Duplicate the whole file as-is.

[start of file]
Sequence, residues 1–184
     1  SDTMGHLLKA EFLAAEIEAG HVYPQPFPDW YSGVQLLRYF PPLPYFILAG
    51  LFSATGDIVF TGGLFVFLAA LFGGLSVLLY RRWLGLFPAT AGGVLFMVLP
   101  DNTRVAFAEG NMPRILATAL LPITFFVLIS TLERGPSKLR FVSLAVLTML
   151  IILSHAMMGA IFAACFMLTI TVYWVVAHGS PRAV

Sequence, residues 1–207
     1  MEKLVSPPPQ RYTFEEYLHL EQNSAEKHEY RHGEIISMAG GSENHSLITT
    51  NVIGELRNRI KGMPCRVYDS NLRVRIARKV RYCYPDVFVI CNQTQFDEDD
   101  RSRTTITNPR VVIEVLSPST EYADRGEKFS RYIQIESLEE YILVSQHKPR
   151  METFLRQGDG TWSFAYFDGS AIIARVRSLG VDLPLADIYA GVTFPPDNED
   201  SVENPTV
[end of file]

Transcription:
Sequence, residues 1–184
     1  SDTMGHLLKA EFLAAEIEAG HVYPQPFPDW YSGVQLLRYF PPLPYFILAG
    51  LFSATGDIVF TGGLFVFLAA LFGGLSVLLY RRWLGLFPAT AGGVLFMVLP
   101  DNTRVAFAEG NMPRILATAL LPITFFVLIS TLERGPSKLR FVSLAVLTML
   151  IILSHAMMGA IFAACFMLTI TVYWVVAHGS PRAV

Sequence, residues 1–207
     1  MEKLVSPPPQ RYTFEEYLHL EQNSAEKHEY RHGEIISMAG GSENHSLITT
    51  NVIGELRNRI KGMPCRVYDS NLRVRIARKV RYCYPDVFVI CNQTQFDEDD
   101  RSRTTITNPR VVIEVLSPST EYADRGEKFS RYIQIESLEE YILVSQHKPR
   151  METFLRQGDG TWSFAYFDGS AIIARVRSLG VDLPLADIYA GVTFPPDNED
   201  SVENPTV